The previous business strategy was targeted at the rural part of America, but Rosenwald proposed a plan that was focused on the fast-growing cities in America. The pair established the company’s first department store in Chicago in 1925. The decision couldn’t have been more successful as the venture became more important than the mail-order business.
This didn’t mean that the mail-order business was not a success. One of its significant achievement was the production of the first Christmas gift catalog named “the Sears Wish Book,” the catalog mainly contained toys.
According to the biography of the company, authored by Gordon Weil, it stated that:
“At a time when the country was going through the Great Depression, struggling to establish a sense of identity, [Sears] created a sense of security and reliability. The Sears catalog was everywhere. In an age before there was the internet, it was in some respects the equivalent of a search engine, that united the country.”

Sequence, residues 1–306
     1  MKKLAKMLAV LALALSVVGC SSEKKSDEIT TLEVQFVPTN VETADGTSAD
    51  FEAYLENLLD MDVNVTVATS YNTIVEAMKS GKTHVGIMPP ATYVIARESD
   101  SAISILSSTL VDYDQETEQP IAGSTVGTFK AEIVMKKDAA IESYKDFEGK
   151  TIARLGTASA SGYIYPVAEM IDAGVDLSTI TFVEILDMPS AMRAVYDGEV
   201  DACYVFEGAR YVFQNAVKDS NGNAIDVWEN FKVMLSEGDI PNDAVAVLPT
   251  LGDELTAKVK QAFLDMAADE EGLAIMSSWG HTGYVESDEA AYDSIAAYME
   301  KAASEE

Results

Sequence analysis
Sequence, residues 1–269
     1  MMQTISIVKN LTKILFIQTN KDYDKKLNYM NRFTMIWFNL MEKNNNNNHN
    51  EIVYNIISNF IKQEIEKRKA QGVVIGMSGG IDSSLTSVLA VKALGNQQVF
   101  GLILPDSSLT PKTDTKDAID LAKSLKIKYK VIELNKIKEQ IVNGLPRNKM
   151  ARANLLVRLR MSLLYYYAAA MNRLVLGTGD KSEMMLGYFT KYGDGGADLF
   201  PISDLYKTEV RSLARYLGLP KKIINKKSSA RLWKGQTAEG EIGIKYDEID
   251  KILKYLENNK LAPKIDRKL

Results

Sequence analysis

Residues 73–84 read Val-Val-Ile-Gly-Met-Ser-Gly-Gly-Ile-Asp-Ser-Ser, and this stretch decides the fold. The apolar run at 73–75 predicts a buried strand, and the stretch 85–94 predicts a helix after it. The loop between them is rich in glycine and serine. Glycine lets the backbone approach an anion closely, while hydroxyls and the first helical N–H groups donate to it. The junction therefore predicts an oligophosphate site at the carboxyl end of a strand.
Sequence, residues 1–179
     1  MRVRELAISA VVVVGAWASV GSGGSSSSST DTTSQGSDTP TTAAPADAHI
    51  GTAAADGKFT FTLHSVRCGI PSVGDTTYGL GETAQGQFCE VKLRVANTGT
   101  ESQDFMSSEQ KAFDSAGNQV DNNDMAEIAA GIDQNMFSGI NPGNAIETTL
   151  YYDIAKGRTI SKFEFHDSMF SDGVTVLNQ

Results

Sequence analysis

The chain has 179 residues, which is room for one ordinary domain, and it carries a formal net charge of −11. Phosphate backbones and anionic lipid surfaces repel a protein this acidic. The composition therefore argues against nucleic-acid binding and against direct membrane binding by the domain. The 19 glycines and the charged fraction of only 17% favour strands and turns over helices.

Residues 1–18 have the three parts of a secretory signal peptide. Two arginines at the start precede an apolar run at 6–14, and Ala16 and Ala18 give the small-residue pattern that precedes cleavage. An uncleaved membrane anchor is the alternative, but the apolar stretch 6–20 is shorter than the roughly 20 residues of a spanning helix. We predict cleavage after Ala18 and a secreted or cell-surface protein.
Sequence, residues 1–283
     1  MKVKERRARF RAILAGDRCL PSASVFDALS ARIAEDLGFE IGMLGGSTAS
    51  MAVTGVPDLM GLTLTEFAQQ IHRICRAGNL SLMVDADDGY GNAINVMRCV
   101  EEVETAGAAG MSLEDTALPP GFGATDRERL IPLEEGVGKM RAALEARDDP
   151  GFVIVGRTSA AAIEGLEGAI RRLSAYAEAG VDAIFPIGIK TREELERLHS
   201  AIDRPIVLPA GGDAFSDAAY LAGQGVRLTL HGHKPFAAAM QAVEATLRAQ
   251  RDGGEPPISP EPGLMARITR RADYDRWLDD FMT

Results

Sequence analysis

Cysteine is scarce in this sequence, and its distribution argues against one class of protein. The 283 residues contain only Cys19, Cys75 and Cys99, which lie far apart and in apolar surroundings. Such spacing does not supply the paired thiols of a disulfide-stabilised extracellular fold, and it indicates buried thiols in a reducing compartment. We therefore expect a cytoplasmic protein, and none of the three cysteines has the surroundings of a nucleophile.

The business gained the trust of its consumers, becoming the retailer to establish the concept of “satisfaction guaranteed or your money back.” Besides, its slogan described the services the business was offering. The “Sears Has Everything,” slogan created a sense of belonging to all American consumers, regardless of their social class.
Unfortunately, the booming business took a disastrous turn in later years. But why did this happen?
The Emergence of Amazon
Some have attributed the downfall of Sears to online retailers like Amazon, probably because Amazon is a close competitor and a modern version of the century-old retail store. Moreover, Amazon’s business model leverages advanced technologies to offer better services than Sears.
Sears, on the other hand, was believed to have been too conservative for not evolving with modern trends long before the emergence of Amazon. Its share of general goods sales dropped from 5.61% in 1978 to 4.07% in 1987.
It seems that the Sears business orientation which targeted every social class had gradually declined. A different set of consumers had emerged as wealth inequalities increased, and various retailers outlets appeared, offering customized products and home delivery. This only made consumers want to try something different from the norm.